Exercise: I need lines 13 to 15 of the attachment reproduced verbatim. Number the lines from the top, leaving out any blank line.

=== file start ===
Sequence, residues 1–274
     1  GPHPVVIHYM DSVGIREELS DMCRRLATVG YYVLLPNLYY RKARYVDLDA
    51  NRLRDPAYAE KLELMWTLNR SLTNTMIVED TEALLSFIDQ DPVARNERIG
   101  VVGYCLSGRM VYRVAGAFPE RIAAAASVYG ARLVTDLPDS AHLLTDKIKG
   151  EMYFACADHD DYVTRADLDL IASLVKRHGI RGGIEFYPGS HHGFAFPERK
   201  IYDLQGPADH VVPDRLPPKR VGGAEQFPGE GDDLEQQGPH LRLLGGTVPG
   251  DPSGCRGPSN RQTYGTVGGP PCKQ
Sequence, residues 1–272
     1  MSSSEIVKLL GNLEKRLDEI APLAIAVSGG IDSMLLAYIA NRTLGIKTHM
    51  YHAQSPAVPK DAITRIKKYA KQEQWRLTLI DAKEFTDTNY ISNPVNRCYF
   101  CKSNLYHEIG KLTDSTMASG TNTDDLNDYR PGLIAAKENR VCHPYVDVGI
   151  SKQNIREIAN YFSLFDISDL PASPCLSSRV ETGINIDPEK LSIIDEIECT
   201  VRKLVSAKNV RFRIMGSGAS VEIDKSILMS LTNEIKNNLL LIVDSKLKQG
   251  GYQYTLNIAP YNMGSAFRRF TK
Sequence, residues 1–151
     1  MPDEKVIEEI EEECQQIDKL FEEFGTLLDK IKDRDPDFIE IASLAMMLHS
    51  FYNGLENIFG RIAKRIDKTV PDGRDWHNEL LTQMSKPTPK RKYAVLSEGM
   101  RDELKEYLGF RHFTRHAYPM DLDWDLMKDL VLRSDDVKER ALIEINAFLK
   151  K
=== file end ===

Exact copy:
   201  VRKLVSAKNV RFRIMGSGAS VEIDKSILMS LTNEIKNNLL LIVDSKLKQG
   251  GYQYTLNIAP YNMGSAFRRF TK
Sequence, residues 1–151